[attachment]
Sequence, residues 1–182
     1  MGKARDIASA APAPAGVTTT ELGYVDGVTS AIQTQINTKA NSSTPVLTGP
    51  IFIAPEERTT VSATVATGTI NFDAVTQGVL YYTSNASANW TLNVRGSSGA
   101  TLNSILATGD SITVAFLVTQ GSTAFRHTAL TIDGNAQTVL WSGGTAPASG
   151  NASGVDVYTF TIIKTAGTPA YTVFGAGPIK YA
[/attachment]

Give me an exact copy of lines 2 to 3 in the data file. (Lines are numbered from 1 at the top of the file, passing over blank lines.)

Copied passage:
     1  MGKARDIASA APAPAGVTTT ELGYVDGVTS AIQTQINTKA NSSTPVLTGP
    51  IFIAPEERTT VSATVATGTI NFDAVTQGVL YYTSNASANW TLNVRGSSGA